Patient Safety in the Commonwealth of Massachusetts

Patient Safety in the Commonwealth of Massachusetts: Current Status and Opportunities for Improvement

Eric C. Schneider
M. Susan Ridgely
Dmitry Khodyakov
Lauren E. Hunter
Zachary Predmore
Robert S. Rudin
Copyright Date: 2014
Published by: RAND Corporation
Pages: 62
https://www.jstor.org/stable/10.7249/j.ctt14bs3bv
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  • Book Info
    Patient Safety in the Commonwealth of Massachusetts
    Book Description:

    In a RAND study about the landscape of patient safety in Massachusetts, researchers interviewed expert observers (patients, health care leaders, academic experts, advocates, and others) about progress to date and future opportunities to produce safer patient care. This report summarizes the results of the interviews and suggests several questions that could guide the design of an organized effort to improve patient safety in Massachusetts.

    eISBN: 978-0-8330-8928-1
    Subjects: Public Health, Health Sciences

Table of Contents

  1. Front Matter
    (pp. i-ii)
  2. Table of Contents
    (pp. iii-iii)
  3. Table
    (pp. iv-iv)
  4. Acknowledgments
    (pp. v-v)
  5. Abbreviations
    (pp. vi-vi)
  6. Introduction
    (pp. 1-3)

    Twenty years ago, Betsy Lehman, an award–winning health columnist for theBoston Globe, received a massive overdose of chemotherapy at the Dana–Farber Cancer Institute, one of the nation’s most prestigious cancer hospitals. Tragically, the error that led to her untimely death went unnoticed until several months later, when it was discovered at the time of a review of clinical trial data (Altman, 1995). Otherwise, it might never have come to light. At about the same time, a group of investigators at Harvard Medical School documented that errors like the one that took Betsy Lehman’s life were far from...

  7. Methods Used to Develop This Report
    (pp. 3-3)

    RAND conducted a set of interviews with expert observers having relevant expertise in health care safety. Appendix B contains details of our approach to data collection and analysis. Before conducting the interviews, RAND reviewed published literature, websites, newspaper articles, and other documents relevant to patient safety in Massachusetts. The purpose was to identify quantitative estimates about the safety of care; review the status of Massachusetts’ adverse event reporting systems; and identify potential expert observers for interview. Individuals approached for interview included representative patients and caregivers, academic experts, leaders of health care delivery organizations, independent safety and quality advocacy organizations, and...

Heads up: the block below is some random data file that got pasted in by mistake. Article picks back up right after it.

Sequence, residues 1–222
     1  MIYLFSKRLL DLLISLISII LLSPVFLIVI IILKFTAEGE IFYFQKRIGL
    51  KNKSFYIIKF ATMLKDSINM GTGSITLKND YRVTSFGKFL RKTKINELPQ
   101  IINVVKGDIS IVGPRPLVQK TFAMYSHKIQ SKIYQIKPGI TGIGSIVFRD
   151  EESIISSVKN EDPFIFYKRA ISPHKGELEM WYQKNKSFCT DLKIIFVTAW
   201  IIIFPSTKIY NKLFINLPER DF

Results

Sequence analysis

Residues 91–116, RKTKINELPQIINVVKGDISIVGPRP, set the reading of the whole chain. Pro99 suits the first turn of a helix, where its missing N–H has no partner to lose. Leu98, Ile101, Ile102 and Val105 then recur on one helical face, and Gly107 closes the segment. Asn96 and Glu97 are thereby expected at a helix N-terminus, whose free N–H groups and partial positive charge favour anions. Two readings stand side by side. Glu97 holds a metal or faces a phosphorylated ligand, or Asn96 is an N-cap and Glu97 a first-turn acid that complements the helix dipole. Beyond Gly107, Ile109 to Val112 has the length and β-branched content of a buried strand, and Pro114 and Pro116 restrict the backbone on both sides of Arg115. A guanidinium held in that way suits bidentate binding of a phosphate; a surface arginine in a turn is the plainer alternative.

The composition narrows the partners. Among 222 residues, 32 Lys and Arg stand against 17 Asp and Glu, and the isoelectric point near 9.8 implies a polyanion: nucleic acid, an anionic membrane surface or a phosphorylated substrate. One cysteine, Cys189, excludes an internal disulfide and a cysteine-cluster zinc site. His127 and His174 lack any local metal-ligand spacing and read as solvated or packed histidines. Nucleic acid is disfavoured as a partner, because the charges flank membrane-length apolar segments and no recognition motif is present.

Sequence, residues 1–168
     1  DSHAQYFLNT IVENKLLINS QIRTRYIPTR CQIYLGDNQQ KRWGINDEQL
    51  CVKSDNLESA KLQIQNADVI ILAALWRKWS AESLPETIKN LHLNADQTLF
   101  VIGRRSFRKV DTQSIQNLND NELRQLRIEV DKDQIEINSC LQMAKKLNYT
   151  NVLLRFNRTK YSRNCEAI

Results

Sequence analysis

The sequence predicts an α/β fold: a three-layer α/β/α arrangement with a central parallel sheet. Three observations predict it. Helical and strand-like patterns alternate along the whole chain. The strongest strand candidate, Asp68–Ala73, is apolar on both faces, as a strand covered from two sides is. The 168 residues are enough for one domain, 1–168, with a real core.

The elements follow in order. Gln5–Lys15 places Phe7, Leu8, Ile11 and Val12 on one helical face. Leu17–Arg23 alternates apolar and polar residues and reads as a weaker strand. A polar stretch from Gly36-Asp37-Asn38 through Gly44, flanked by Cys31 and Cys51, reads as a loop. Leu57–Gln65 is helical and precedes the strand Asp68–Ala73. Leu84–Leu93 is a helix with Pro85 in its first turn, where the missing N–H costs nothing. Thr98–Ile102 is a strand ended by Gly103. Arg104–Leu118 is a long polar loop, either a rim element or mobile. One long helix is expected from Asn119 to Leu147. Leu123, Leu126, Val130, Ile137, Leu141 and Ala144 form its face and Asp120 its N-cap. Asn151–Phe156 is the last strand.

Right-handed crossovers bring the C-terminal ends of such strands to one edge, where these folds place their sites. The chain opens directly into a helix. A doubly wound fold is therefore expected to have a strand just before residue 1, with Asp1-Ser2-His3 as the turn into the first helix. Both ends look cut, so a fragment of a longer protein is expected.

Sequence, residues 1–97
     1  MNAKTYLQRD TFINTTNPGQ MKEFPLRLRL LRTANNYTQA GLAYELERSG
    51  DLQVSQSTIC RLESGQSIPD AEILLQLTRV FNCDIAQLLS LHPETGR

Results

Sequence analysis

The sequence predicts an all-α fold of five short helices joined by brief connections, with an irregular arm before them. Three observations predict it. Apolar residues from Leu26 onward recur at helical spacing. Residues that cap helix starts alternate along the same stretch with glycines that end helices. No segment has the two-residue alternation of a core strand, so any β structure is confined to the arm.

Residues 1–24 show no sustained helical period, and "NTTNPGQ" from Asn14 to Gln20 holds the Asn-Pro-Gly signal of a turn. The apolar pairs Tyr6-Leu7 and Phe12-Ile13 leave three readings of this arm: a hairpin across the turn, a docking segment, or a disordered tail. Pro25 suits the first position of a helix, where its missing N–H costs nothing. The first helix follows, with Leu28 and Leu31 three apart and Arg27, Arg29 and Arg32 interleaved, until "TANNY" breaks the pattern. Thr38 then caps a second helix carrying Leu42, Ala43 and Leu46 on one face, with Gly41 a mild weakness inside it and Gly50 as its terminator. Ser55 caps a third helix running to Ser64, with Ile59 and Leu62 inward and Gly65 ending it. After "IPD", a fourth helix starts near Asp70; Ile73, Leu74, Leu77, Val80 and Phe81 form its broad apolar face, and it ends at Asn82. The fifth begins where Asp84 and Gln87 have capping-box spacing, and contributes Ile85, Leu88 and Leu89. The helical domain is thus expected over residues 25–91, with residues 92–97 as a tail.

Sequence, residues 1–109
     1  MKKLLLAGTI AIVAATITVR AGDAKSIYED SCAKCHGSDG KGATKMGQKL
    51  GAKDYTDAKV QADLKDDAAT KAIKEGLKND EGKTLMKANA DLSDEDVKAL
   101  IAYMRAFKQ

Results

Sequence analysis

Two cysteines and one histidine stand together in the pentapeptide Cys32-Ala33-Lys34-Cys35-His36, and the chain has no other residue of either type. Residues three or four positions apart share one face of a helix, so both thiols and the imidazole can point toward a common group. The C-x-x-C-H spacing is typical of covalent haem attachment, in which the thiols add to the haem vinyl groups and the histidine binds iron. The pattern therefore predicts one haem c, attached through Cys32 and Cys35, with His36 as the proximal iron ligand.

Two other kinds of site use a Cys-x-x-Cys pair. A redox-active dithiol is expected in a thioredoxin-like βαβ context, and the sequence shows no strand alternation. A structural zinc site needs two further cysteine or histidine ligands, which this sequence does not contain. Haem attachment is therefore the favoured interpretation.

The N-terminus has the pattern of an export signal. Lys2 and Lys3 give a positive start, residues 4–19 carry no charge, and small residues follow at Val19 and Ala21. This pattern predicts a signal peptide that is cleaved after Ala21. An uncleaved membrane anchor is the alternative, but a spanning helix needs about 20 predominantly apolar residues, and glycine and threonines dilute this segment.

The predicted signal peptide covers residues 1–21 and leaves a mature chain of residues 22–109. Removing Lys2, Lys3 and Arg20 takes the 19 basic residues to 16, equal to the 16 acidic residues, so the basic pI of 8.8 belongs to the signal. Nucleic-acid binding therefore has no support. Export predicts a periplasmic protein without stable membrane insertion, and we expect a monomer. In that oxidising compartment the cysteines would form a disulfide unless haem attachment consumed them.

8. What Kinds of Patient Safety Risks Did Expert Observers Identify?
    (pp. 3-13)

    We asked expert observers to reflect on the changing profile of patient safety risks over time. We asked them about the safety risks known 20 years ago that have been addressed and in some cases reduced over time, persistent risks that have been identified and addressed, but are still important concerns, and newly apparent risks that have become more visible in recent years as patient safety research and practice have advanced.

    In general, the Massachusetts expert observers responding to a general question about safety risks spoke aboutpatient–specific safety risks(errors and adverse events in the care of individual...

  9. Looking Ahead: Opportunities to Advance the Safety Agenda in Massachusetts
    (pp. 13-15)

    Our study was commissioned to obtain confidential and anonymous input from a cross–section of expert observers about potential opportunities for an organization like the Betsy Lehman Center for Patient Safety and Medical Error Reduction to pursue initiatives that can advance patient safety in Massachusetts. As the results suggest, expert observers identified several opportunities. Some identified areas that need more focus, such as nonhospital settings, while others suggested programmatic actions, such as convening expert observers or disseminating evidence–based information. A few expert observers sounded a cautionary note. The unmet needs in patient safety are substantial, but the “niche” for...

  10. Conclusion: Questions About the Commonwealth’s Future Patient Safety Efforts
    (pp. 15-17)

    In the 20 years since Betsy Lehman’s tragic death from a medical error, Massachusetts has been an intellectual incubator for new knowledge about patient safety, important demonstration projects, and new tools that can mitigate safety risks (Forster et al., 2003; Weissman et al., 2008; Bates et al., 1998). These tools have been taken up in federal legislation and in several organizations. It is less clear whether progress has been made in making care safer for the citizens of the Commonwealth. The challenge of documenting progress on patient safety is not unique to Massachusetts. Several observers have suggested that evidence that...

  11. References
    (pp. 18-19)
  12. Appendix A: Qualitative Interview Results
    (pp. A-1-A-34)
  13. Appendix B. Research Methods
    (pp. B-1-B-3)